Antarctic ozone layer hole shrinks by 4 million kilometers

Scientists at MIT and other locations have been eyeing the hole in the ozone layer since it came to the forefront in the '80s. The fear when the hole in the ozone layer was first discovered was that it might lead to harm for humans around the world since we need the ozone layer to protect us from all sorts of deadly things that come from space. The good news is that scientists have announced that the ozone layer hole has shrunk significantly since 2000.

According to the team of scientists, the ozone hole has shrunk by more than 4 million square kilometers since 2000. To put 4 million square kilometers in perspective a bit, that it about how large half the area of the contiguous US is. Scientists have also noted that the healing of the ozone layer hole has also slowed for the first time and the finger is pointed at volcanic eruptions.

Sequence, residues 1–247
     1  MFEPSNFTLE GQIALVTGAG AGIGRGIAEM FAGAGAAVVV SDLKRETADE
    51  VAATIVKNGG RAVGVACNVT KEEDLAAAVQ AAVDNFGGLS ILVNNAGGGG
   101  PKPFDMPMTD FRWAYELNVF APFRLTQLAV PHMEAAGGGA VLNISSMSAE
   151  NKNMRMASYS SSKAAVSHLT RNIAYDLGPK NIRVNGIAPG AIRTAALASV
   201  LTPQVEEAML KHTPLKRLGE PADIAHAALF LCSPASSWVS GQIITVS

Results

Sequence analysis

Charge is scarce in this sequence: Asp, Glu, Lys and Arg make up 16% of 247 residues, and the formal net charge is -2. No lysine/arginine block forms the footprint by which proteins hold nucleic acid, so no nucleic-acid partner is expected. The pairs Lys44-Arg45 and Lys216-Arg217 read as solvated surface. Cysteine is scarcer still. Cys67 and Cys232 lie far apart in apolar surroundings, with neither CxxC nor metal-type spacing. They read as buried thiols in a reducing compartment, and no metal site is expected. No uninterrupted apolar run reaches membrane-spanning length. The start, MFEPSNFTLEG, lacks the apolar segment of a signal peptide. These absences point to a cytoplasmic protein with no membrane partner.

The hole in the ozone layer was caused in part by CFCs, banned for decades now. CFCs were emitted by dry cleaning, refrigerators, and aerosol cans but were virtually eliminated in 1987 when just about every country in the world signed the Montreal Protocol to ban the use of CFCs. Scientists track ozone depletion using measurements taken in October of Antarctic ozone.

Measurements of the ozone hole have shown that ozone depletion starts in late August as winter ends in Antarctica and the hole is fully formed by early October. Other than CFCs, the ozone hole is also affected by chlorine in the atmosphere. The team believes that half the hole shrinkage was due to reduction in atmospheric chlorine. "It's been interesting to think about this in a different month, and looking in September was a novel way," Diane Ivy says. "It showed we can actually see a chemical fingerprint, which is sensitive to the levels of chlorine, finally emerging as a sign of recovery."